A Commentary by John Stott
b). The command.
Since ‘Christ has set us free’ and that ‘for freedom’, we must ‘stand fast’ in it and not ‘submit again to a yoke of slavery’. In other words, we are to enjoy the glorious freedom of conscience which Christ has brought us by His forgiveness. We must not lapse into the idea that we have to win our acceptance with God by our own obedience. The picture seem to be of an ox bowed down by a heavy yoke. (According to Arndt-Gingrich the verb ‘do not submit’ is passive and means ‘to be loaded down with’). Once it has been freed from its crushing yoke, it is able to stand erect again (cf. Lv.26:13).
It is just so in the Christian life. At one time we were under the yoke of the law, burdened by its demands which we could not meet and by its fearful condemnation because of our disobedience. But Christ met the demands of the law for us. He died for our disobedience and thus bore our condemnation in our place. He has ‘redeemed us from the curse of the law, having become a curse for us’ (3:13). And now he has struck the yoke from our shoulder and set us free to stand upright. How then can we dream of putting ourselves under the law again and submitting to its cruel yoke? This, then, is the theme of these verses, Christianity is freedom not bondage. Christ has set us free; so we must stand firm in our freedom.
From the general theme we come to the precise issue in verses 2-4, which is that of circumcision. The false teachers in the Galatian churches, as we have already seen, were saying that Christian converts had to be circumcised. You might think this a very trivial matter. After all, circumcision is only a very minor surgical operation on the body. Why did Paul make so much fuss and bother about it? Because of its doctrinal implications. As the false teachers were pressing it, circumcision was neither a physical operation, nor a ceremonial rite, but a theological symbol. It stood for a particular type of religion, namely salvation by good works in obedience to the law. The slogan of the false teachers was: ‘Unless you are circumcised and keep the law, you cannot be saved’ (cf. Acts 15:1, 5). They were thus declaring that faith in Christ was insufficient for salvation. Circumcision and law-obedience must be added to it. This was tantamount to saying that Moses must be allowed to finish what Christ had begun.
See how Paul describes their position in these verses. They are those who ‘receive circumcision’ (verses 2, 3), who are therefore ‘bound to keep the whole law? (verse 3), since this is what their circumcision commits them to, and who are seeking to ‘be justified by the law’ (Verse 4).What does Paul say to them? He does not mince his words. On the contrary, he makes a most solemn assertion, beginning *Now I, Paul, say to you* (verse 2). He warns them in three sentences of the serious results of their receiving circumcision: *Christ will be of no advantage to you (verse 2), you are severed from Christ and you have fallen away from grace* (verse 4). More simply, to add circumcision is to lose Christ, to seek to be justified by the law is to fall from grace. You cannot have it both ways. It is impossible to receive Christ, thereby acknowledging that you cannot save yourself, and then receive circumcision, thereby claiming that you can, You have got to choose between a religion of law and a religion of grace, between Christ and circumcision. You cannot add circumcision (or anything else, for that matter) to Christ as necessary to salvation, because Christ is sufficient for salvation in Himself. If you add anything to Christ, you lose Christ. Salvation is in Christ alone by grace alone through faith alone.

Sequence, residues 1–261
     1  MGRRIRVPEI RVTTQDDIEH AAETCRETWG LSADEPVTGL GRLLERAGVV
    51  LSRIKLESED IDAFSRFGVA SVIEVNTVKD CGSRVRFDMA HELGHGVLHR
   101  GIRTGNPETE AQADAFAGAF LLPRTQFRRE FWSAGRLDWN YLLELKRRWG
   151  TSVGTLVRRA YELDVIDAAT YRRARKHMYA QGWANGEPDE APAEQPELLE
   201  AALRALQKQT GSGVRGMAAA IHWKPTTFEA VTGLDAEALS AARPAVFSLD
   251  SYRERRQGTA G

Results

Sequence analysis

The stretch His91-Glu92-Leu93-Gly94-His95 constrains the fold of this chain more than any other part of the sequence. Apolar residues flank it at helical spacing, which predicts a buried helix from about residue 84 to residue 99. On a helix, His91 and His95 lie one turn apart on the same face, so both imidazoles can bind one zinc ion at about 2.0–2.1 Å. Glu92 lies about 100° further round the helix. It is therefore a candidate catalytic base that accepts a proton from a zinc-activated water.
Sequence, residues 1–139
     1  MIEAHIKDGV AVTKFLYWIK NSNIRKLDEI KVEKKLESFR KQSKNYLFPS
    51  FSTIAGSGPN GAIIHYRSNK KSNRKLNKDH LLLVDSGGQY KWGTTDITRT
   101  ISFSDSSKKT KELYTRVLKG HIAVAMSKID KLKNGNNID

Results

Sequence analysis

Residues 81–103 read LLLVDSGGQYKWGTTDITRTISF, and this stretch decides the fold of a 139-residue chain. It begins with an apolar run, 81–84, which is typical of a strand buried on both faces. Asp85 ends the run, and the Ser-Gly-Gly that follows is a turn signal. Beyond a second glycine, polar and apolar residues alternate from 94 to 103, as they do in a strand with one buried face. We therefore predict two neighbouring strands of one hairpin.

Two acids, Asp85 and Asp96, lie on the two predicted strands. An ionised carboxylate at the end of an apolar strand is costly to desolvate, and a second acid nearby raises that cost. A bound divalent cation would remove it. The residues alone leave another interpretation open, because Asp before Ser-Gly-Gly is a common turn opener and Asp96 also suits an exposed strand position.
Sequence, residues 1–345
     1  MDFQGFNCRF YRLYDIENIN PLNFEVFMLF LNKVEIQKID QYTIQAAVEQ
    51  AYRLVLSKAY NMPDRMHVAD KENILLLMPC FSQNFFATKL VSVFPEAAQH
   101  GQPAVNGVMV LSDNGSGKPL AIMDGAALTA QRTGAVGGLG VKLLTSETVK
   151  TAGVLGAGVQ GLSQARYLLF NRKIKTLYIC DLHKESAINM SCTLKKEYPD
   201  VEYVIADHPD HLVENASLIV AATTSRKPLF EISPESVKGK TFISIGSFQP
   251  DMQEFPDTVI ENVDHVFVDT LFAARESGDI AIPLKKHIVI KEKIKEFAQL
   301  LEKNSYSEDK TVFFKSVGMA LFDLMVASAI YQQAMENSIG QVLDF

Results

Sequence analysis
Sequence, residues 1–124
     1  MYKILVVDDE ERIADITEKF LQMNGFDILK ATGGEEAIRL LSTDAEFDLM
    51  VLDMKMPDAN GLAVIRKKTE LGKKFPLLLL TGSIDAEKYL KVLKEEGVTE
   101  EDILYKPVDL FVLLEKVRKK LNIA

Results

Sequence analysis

In verses 5 and 6 the pronoun changes from ‘you’ to ‘we’. Paul has been addressing his readers and warning them of the danger of falling from grace. But now he includes himself and describes true believers, evangelical believers, who stand in the gospel of grace: *For through the Spirit, by faith, we wait for the hope of righteousness. For in Christ Jesus neither circumcision nor uncircumcision is of any avail, but faith working through love* (verses 5,6). The emphasis in these verses is on faith. Two statements are made about it.
First, ‘by faith we wait’ (verse 5). What we are waiting for is termed ‘the hope of righteousness’, the expectation for the future which our justification brings, namely spending eternity with Christ in heaven. For this future salvation we wait. We do not *work* for it; we *wait* for it by faith. We do not strive anxiously to secure it, or imagine that we have to earn it by good works. Final glorification in heaven is as free a gift as our initial justification. So by faith, trusting only in Christ crucified, we wait for it.
Secondly, ‘in Christ what matters is faith’ (verse 6). Again Paul denies the false teaching. When a person is in Christ, nothing more is necessary. Neither circumcision nor uncircumcision can improve our standing before God. All that is necessary in order to be accepted with God is to be in Christ, and we are in Christ by faith.
A word of caution is needed here. Does this emphasis on faith in Christ mean that we can live and act as we please? Is the Christian life so completely a life of faith that good works and obedience to the law simply do not matter? No. Paul is very careful to avoid giving any such impression. Notice the phrases that I have so far omitted. Verse 5: ‘For *through the Spirit*, by faith, we wait for the hope of righteousness.’ That is to say, the Christian life is not only a life of faith; it is a life in the Spirit, and the Holy Spirit who indwells us produces good works of love, as the apostle goes on later to explain (verses 22, 23). Verse 6: ‘faith *working through love*.’ It is not that works of love are added to faith as a second and subsidiary ground of our acceptance with God, but that the faith which saves is a faith which works, a faith which issues in love.